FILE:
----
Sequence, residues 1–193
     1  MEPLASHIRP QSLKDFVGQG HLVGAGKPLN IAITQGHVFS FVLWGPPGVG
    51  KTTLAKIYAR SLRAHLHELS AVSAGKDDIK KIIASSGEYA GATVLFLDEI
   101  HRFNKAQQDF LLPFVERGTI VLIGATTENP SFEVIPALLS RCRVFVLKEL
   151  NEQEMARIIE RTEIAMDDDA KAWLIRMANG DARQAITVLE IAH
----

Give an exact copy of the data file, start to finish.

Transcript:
Sequence, residues 1–193
     1  MEPLASHIRP QSLKDFVGQG HLVGAGKPLN IAITQGHVFS FVLWGPPGVG
    51  KTTLAKIYAR SLRAHLHELS AVSAGKDDIK KIIASSGEYA GATVLFLDEI
   101  HRFNKAQQDF LLPFVERGTI VLIGATTENP SFEVIPALLS RCRVFVLKEL
   151  NEQEMARIIE RTEIAMDDDA KAWLIRMANG DARQAITVLE IAH